Lawmakers Seek Longer Environmental Review for Hogan Road-Widening Plan
Gov. Lawrence J. Hogan Jr.’s plan to widen the Capital Beltway and Interstate 270 could be pushed back for a year if the General Assembly adopts a bill that would require the state to complete an environmental assessment before moving forward.
House Bill 91 would require all “pre-solicitation reports” for Public-Private Partnerships — or P3s — to be held until an Environmental Impact Statement is finished.
This would force the Maryland Department of Transportation and the Maryland Transportation Authority to pull their current pre-solicitation report, and not present a new one until 2020.
The move comes amid ongoing community and political resistance to the $9 billion to $11 billion plan the governor unveiled in 2017.
That proposal, intended to ease traffic in the congested capital region, would add four lanes — two in each direction — to I-495 (the Capital Beltway), I-270 and the Baltimore-Washington Parkway.
The new capacity would come from “express” lanes financed by private-sector firms that would foot the upfront costs in exchange for the right to charge tolls.
Those tolls would fluctuate based on traffic conditions and motorist demand, similar to the system now in use on the new I-95 express lanes north of Baltimore City.
The bill being debated in Annapolis is sponsored by two Montgomery County lawmakers, Dels. Alfred C. Carr Jr. (D) and Marc Korman (D). Two House committees — Appropriations and Transportation & Environment — heard more than two hours of testimony on the measure on Tuesday.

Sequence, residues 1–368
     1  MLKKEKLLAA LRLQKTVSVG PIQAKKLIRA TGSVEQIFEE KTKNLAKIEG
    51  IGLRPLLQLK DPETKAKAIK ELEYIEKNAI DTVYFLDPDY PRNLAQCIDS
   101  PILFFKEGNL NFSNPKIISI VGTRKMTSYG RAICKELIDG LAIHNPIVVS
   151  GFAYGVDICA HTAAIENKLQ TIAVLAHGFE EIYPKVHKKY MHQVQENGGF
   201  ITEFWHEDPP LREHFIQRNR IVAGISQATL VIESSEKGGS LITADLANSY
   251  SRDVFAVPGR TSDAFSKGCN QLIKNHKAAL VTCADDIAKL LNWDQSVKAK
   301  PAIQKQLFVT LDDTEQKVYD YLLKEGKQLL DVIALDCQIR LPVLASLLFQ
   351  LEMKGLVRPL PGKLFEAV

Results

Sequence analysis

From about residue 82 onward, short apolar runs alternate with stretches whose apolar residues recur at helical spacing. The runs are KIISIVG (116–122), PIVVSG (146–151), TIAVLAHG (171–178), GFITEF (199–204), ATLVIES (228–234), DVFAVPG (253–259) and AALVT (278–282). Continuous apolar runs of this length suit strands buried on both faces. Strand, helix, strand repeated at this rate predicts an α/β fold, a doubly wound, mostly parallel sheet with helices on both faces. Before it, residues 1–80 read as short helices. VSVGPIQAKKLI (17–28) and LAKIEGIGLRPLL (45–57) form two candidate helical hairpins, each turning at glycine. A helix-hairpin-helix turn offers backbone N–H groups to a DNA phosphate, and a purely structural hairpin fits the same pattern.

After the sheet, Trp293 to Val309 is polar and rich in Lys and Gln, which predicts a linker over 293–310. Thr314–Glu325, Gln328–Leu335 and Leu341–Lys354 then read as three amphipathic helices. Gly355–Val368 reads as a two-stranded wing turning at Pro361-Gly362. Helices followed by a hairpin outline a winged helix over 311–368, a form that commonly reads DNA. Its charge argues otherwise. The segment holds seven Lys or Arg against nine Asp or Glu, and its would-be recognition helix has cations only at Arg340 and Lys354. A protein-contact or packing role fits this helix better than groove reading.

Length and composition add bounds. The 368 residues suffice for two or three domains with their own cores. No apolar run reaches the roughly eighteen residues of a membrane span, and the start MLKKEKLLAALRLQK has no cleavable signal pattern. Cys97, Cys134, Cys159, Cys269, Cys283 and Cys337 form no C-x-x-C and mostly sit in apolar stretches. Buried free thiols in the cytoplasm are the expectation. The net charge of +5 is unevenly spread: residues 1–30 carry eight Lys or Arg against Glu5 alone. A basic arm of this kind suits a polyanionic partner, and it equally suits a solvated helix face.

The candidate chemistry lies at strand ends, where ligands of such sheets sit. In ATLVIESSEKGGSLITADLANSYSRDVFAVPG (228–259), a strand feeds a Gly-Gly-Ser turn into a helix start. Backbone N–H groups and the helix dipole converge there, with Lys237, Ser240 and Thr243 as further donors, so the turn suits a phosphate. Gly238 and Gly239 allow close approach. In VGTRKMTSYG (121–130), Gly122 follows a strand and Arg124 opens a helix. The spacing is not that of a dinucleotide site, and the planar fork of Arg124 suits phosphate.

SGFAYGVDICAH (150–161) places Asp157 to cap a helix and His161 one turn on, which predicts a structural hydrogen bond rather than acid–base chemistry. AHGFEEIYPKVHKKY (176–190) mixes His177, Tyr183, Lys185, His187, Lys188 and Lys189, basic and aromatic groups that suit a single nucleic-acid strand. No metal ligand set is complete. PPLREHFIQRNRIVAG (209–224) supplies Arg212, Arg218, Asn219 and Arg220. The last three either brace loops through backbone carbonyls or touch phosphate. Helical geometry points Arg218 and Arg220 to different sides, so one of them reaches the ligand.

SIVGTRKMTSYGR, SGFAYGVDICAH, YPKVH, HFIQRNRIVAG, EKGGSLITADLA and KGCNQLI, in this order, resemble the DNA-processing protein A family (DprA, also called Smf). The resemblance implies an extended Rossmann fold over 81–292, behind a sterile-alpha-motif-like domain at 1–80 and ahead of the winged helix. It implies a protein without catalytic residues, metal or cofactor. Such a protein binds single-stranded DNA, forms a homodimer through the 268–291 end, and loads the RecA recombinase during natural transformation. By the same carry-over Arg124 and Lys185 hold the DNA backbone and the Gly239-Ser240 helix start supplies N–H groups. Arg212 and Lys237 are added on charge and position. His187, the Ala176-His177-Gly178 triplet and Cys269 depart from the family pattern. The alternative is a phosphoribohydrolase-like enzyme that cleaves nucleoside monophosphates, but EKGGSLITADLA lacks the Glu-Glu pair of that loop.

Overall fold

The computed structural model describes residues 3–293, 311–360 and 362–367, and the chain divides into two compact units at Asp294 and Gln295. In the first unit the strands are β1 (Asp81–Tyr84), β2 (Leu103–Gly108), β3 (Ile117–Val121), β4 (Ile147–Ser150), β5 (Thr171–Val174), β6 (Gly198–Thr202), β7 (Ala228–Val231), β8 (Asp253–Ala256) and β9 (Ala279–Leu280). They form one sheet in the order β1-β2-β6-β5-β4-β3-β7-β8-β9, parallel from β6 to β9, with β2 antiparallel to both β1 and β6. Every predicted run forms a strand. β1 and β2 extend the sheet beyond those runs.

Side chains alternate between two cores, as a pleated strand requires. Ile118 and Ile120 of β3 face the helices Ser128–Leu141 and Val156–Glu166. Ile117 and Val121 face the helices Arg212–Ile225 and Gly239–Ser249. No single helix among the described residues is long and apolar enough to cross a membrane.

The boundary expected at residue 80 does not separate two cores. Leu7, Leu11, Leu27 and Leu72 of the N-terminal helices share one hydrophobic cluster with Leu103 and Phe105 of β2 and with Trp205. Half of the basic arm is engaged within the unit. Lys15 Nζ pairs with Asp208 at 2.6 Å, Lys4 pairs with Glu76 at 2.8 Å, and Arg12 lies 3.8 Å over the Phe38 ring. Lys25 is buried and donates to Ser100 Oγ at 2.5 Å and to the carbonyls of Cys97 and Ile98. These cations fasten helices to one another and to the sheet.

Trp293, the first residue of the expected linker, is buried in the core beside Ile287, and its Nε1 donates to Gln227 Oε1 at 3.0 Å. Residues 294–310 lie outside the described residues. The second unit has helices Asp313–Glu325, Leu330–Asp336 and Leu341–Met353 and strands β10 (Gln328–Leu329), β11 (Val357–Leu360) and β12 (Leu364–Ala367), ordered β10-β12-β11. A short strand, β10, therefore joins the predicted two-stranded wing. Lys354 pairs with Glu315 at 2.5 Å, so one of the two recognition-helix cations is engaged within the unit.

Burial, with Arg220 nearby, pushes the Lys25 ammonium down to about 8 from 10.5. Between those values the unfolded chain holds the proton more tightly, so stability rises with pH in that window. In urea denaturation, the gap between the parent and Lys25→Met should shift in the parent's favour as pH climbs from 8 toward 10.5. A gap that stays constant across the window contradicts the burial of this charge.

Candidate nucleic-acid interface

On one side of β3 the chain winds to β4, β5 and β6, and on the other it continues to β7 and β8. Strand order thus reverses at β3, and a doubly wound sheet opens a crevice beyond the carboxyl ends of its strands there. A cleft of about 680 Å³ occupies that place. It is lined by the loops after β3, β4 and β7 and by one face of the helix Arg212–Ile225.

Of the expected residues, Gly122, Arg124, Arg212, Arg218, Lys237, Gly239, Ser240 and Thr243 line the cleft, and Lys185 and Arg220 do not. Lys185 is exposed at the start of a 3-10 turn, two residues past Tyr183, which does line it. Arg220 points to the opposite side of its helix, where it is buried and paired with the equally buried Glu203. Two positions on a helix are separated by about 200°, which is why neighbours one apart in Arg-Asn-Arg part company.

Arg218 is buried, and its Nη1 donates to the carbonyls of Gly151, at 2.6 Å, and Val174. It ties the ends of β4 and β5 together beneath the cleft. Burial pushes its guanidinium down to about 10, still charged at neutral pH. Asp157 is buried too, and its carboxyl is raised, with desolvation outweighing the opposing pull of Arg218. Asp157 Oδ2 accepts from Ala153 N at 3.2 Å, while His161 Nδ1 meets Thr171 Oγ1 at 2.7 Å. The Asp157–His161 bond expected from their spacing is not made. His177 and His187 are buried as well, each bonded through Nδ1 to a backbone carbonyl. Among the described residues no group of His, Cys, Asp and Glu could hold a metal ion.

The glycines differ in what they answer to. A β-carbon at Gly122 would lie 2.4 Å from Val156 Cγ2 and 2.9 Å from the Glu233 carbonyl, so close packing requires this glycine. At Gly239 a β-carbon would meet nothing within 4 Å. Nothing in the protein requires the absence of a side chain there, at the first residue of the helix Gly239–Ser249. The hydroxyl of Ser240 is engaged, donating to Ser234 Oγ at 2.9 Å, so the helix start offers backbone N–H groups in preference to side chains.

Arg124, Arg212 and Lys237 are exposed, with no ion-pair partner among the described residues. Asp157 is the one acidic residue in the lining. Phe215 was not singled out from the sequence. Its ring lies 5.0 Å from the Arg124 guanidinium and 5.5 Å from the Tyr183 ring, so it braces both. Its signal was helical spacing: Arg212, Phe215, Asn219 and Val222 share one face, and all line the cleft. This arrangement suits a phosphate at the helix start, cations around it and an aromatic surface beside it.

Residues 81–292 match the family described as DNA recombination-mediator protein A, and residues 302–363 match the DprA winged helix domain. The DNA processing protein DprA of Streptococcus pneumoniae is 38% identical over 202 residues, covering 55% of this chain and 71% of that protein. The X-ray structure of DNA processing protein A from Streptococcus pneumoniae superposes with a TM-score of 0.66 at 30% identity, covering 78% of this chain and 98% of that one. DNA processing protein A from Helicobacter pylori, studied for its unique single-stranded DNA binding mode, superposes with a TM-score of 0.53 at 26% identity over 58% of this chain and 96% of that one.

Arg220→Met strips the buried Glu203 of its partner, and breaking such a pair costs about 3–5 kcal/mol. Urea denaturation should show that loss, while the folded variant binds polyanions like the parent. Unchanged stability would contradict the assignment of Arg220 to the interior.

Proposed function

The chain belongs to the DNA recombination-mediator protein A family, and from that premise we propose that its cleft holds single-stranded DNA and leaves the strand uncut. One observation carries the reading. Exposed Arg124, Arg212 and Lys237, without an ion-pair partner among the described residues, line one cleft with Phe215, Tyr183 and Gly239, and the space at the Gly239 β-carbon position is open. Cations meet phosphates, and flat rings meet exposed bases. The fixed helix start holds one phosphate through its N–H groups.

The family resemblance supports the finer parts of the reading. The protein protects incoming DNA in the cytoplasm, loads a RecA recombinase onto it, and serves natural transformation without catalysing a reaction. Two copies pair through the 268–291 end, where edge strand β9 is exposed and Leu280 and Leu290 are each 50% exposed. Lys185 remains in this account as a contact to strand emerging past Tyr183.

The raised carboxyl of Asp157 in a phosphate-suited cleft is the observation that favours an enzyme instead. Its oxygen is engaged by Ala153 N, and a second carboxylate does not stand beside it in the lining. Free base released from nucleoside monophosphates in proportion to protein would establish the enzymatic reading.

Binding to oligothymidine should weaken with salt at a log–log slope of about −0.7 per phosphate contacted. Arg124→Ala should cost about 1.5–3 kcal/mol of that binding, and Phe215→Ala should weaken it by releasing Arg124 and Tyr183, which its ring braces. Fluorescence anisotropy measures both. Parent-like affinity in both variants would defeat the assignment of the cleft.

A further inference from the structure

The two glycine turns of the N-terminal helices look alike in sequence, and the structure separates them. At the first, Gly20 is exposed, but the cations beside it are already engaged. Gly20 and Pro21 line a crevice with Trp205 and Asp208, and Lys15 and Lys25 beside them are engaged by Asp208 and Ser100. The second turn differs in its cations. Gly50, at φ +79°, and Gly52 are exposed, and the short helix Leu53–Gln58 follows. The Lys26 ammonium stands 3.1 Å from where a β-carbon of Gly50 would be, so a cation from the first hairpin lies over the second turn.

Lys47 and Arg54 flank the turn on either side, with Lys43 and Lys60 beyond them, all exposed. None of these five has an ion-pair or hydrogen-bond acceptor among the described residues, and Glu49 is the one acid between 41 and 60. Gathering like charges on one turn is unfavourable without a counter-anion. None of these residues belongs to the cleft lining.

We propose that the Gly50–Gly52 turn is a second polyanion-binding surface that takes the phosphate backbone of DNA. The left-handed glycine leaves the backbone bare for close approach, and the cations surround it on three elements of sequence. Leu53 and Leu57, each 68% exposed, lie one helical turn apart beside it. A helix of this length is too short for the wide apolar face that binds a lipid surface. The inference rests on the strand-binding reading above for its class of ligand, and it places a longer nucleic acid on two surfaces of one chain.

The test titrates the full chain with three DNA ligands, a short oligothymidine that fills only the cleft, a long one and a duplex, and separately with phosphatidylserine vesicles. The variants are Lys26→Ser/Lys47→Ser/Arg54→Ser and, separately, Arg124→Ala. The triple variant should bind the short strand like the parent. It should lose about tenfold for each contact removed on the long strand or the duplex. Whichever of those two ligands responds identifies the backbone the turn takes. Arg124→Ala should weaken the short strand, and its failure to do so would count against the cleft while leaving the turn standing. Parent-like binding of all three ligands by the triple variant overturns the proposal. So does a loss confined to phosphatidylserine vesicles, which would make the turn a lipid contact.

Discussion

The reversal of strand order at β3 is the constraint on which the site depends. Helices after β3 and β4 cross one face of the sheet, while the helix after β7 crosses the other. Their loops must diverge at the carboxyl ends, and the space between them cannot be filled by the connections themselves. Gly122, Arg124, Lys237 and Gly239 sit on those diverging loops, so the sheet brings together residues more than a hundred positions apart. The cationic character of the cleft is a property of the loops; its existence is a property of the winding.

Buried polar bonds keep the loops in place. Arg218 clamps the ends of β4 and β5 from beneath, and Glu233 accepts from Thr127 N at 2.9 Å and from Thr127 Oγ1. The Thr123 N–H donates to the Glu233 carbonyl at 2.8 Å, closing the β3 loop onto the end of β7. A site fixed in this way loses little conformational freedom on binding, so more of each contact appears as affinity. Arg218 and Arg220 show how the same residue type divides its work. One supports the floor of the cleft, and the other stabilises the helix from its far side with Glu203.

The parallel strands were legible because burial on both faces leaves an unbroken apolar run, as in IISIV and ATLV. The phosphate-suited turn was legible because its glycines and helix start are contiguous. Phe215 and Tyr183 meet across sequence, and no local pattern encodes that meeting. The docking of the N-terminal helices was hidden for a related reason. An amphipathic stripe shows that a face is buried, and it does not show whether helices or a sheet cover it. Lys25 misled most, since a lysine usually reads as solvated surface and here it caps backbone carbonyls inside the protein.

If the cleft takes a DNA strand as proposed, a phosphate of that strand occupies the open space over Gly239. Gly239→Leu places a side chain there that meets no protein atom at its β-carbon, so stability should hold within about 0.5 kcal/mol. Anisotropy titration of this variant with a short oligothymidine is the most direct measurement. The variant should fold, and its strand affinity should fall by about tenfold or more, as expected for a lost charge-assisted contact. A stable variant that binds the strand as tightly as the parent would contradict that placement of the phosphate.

In an interview after the hearing, Korman said the bill would require the state to follow the same process it is using to build the Purple Line — “finish the environmental reviews, select the alternative that you want to go with, and then do the P3 solicitation process.”
Korman said residents in the communities likely to be impacted by the road widening projects deserve more information than they’ve received so far.
“I heard a lot of concern from people about unanswered questions about this project. How it’s going to work, what it’s going to cost, where it’s going to go?” he said. “And the EIS process allows us to get some of those answers before committing the state to what they say is a $9 billion to $11 billion — but could be higher — 50-year commitment.”
Transportation Secretary Pete K. Rahn told lawmakers the measure would impose unacceptable delays.
“We are facing a serious crisis for transportation within the region,” he said. “By 2040, most of the Beltway [drivers] are going to be in gridlock for many hours more than what they currently are.”
He also said that construction costs mount the longer it takes to get a deal in place — and that higher costs could scare away some potential bidders.
“Inflation on the construction can run over $300 million,” he said in an interview. “Interest rates are rising. A quarter of a percent increase in interest rates could cost this project another $350 million over its life. Delay is not in Maryland’s favor.”
The Federal Highway Administration has encouraged states to complete the environmental study and pre-solicitation in tandem, he said.
Delegates expressed concerns that the state had not provided enough opportunity for public input, or details on expected tolls.
“They are relying on private-sector pixie dust,” Korman said. “I hope the private sector has really good solutions to move traffic in Montgomery and Prince George’s and broadly in the state of Maryland. But we can’t commit ourselves to a public-private partnership for 50 years without having more of the details about what’s in that pixie dust.”
“We believe we have a very solid proposal,” countered Rahn. “We need to communicate that with folks. This isn’t pixie dust.”
Because sponsors want the measure to take effect immediately, the legislation has been filed as an “emergency bill,” requiring the approval of three-fifths of both chambers.
David Jahng of Capital News Service contributed to this report.